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Former Libyan Prime Minister Ali Zeidan was ousted by parliament recently and has fled the country as chaos is threatening to erupt in this country. Discontent had been building up for the last 15 months. But things came to a head after rebel groups began exporting their own oil, including loading a North Korean tanker. The military revolted against Zeidan at that point; they were either unwilling or unable to fire on it and let it get away.

The debacle underlines the impotence of the authorities in Tripoli, whose fledgling army and police force are no match for the armed rebel groups who continue to operate under their own set of laws three years after the fall of strong-man Muammar Gaddafi.

After the tanker escaped, an infuriated parliament voted out Zeidan on Tuesday and named Defense Minister Abdallah al-Thinni as acting prime minister for two weeks. Later that same day, Libya's top prosecutor slapped a travel ban on Zeidan because of his suspected involvement in the embezzlement of public funds.

Western powers, who supported the NATO campaign that came to the aid of anti-Gaddafi rebels in 2011, fear the OPEC member state could slide into greater instability or even break apart, with rival groups laying claim to power and vast oil reserves.

The tanker in question carried $36 million worth of oil. Had it been bombed, it would have created a major environmental catastrophe that would have taken months or years to clean up.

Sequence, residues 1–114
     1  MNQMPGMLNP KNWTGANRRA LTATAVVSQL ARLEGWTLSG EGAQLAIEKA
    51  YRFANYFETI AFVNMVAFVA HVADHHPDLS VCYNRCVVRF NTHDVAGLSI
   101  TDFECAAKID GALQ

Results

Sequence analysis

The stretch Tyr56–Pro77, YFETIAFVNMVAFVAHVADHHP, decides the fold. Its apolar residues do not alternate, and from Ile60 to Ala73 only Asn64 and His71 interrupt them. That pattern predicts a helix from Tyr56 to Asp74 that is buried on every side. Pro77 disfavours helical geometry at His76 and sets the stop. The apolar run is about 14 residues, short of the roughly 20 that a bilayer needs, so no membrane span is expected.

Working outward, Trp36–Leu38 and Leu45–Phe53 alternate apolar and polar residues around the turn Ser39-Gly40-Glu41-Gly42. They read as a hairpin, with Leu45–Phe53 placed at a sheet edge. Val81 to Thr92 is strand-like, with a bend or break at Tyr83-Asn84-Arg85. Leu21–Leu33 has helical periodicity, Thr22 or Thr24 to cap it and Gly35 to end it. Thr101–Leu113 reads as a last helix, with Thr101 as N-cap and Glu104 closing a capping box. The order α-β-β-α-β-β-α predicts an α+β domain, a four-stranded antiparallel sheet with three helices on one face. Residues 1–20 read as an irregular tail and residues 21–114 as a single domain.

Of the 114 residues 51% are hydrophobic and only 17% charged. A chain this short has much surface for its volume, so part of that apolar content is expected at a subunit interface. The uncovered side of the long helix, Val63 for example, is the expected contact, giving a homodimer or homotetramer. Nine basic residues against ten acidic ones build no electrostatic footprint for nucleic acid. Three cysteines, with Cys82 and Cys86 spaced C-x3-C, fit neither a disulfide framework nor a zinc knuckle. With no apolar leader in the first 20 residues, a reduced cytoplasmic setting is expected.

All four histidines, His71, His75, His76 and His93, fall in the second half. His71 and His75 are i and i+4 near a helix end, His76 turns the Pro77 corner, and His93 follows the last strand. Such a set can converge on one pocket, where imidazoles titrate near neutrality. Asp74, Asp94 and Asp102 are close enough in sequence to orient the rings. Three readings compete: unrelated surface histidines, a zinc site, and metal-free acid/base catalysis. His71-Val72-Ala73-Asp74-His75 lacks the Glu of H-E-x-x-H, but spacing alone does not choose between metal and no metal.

Rebel groups had been demanding more and more autonomy and a greater share of the oil revenues that they did not have under Gaddafi. They seized control of a lot of the oil reserves and the army and police have been powerless to stop them. After the bombing campaign by NATO which drove Gaddafi from power, it created a power vacuum in that country which nobody has been able to fill. These events undermine any claims that regime change is an effective tool. It is easy to remove dictators that you don't like; it is a lot harder to build institutions back up again afterwards.

Zeidan was under investigation for corruption, including massive embezzlement.

Malek said his party is considering launching a lawsuit against Zeidan, adding that the leader spent an estimated $66 billion during his administration "and achieved nothing on the ground."

Libya's chief prosecutor on Tuesday banned Zeidan from leaving the country while authorities investigate allegations of Zeidan's corruption.

And oil production declined to one seventh of what it used to be and the government was forced to dip into reserves to pay its public employees.

Rebel groups had seized three oil ports in August.

Armed protesters controlling ports in eastern Libya said on Saturday they had started independently exporting oil, bypassing the central government in their demands for a share of the nation's petroleum wealth.

The rebels, who have seized three major ports since August to demand more autonomy, warned Tripoli against staging an attack to halt the oil sale after a North Korean-flagged tanker docked at Es Sider.

As we learned in Afghanistan and Iraq, it takes at least a decade to rebuild institutions after a regime change. The cost of such a project costs trillions of your taxpayer dollars. But what we learned from Libya is that simply driving the leader from power and then leaving is not an effective response either. The result is a weak central government with no control over its outlying provinces. We could very well see Libya splinter into several different tiny countries or autonomous regions with few resources at their disposal. The end result could be another humanitarian disaster.
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